Chip and flake

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Should you paint a fibreglass boat?

Is it worthwhile painting a fibreglass boat? Well, the answer, according to marine surveyors, is a resounding yes. Many boats use gelcoat for their exterior finish. Gelcoat has two main functions: it allows the hull to be easily removed from the mould when it is going through its initial construction; and it gives the finished hull a great look for the end product as the polished gelcoat gleems – or it shows off any subtle imperfections.

Some gelcoats are better quality than others and offer a much longer lasting solution, but other gelcoats are prone to fading and chalking after only a few years. Higher quality gelcoats will enjoy a much longer lifespan than their cheaper counterparts. Hulls than show signs of early chalking and oxidation will need to be painted. Painting a hull can be expensive, but it is often the only practical solution, and, if it is done properly, the new finish should last for a decade or more.

Using a proper boat repair and maintenance shop to do the hull paint and using good quality hull paint is key. Going for a backyard paint job done with cheap materials will simply put you back where you started.

Proper preparation of the hull is important for a good result. Much of the cost associated with painting the hull is put down to the preparation and the completed job is only as good as the preparation that comes first. Old hulls that have spent many years being waxed pose a problem when applying the new layer of paint and a thorough dewaxing and sanding needs to take place. New paint simply plastered over existing defects and old layers of paint will magnify these defects. Be sure to go over the hull with the painter and review clearly what needs to be done.

There is no getting around removing the hardware before the painting job starts. Not removing the hardware will leave the boat with a bad paint job. Instruct the painter to remove every possible piece of hardware before beginning painting. Taping off and painting around hardware looks tacky! Removing hardware can be costly and take time, but the completed look will be much more professional. Paint tends to crack and chip more readily at the taped off or masked areas and this in turn allows water to penetrate under the paint and cause flaking.

Where possible, all wood trim should be completely removed before painting begins. This is for two reasons, the first being the same as the hardware removal on the boat and the second is that wood absorbs and holds a lot of moisture which can then get under the paint and cause cracking. The area under wooden features should be primed and prepared before painting.

The best time to paint is during warm, dry periods. In South Africa we have a moderate climate with good summers and this offers painters a large window of opportunity to paint during those months. For the best results, use a painter that offers indoor painting facilities as the finish on the boat will be a lot better.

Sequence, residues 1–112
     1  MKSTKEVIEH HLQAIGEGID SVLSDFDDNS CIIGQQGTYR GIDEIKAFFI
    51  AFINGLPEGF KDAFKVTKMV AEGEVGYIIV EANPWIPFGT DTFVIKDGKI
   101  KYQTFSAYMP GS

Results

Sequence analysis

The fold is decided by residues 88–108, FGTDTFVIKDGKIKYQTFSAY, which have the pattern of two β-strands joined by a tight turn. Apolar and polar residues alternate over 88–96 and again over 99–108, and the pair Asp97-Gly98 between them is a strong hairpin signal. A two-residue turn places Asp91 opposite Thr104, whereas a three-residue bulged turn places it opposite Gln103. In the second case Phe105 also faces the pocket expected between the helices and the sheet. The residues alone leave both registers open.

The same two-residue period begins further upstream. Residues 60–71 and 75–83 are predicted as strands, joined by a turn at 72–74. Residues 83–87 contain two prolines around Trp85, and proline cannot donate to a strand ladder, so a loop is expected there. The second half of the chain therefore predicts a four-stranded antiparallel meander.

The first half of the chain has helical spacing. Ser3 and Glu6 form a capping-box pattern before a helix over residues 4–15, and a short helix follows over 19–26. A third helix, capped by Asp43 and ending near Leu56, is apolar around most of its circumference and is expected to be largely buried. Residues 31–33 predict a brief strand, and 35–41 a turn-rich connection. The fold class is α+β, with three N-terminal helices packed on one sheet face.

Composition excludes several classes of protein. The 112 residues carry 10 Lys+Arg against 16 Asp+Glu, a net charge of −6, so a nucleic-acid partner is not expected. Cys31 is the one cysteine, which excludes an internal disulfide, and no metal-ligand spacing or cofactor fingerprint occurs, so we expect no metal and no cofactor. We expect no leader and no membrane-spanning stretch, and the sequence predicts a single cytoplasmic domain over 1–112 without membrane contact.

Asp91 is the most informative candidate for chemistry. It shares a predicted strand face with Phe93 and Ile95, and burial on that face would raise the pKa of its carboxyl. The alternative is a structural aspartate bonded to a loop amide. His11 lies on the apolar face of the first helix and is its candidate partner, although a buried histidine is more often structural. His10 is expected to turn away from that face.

Small, confined or recessed areas are difficult to spray and if not treated carefully can result in what is called orange peel and overspray, which can be very unsightly. It is often better to find a skilled brush painter for these areas.

Any anodised aluminium window and door frames should not be painted because paint has difficulty adhering to the surface. Most often the window frames and door frames have stainless steel screws and the dissimilarities between the metals cause galvanic corrosion and the consequent blistering of the paint.

Plastic mouldings should also be removed before painting as the stainless screws that hold the mouldings in place expand at a different rate to the plastic and this causes cracking of the paint and subsequent flaking.

• Specify the nature of the task that is required and the exact preparation you require.
• Specify the primers required and the finish coats that you want used. (Fact find before making your decision).
• Specify the defects that you will not accept after the job is done, such as dust in the finish, over-spray, paint runs and orange peel effect. It might not be possible to avoid all of these issues, but they need to be minimised.
• Don’t pay the full price up front. Rather put half the money down in advance and pay the balance on completion if the job is done to your satisfaction.

• Do not use abrasive cleaners and harsh detergents to clean the hull.
• Use a soft mop or cloth when cleaning.
• Hard bristle brushes will scratch the paint.
• Industrial fallout can build up quickly if the boat is not regularly cleaned and the acid in it can damage the paint.
• Wash the boat down thoroughly to remove all salt deposits.
• Wax the boat at least once per year. Painting your fibreglass boat requires some investigation prior to the work starting. Find a good, reputable painter and ensure that you follow the steps set out above to get your boat looking its absolute best.

Don’t make the mistake of taking the cheapest paint option as you might end up having to rename your boat “Chip”.


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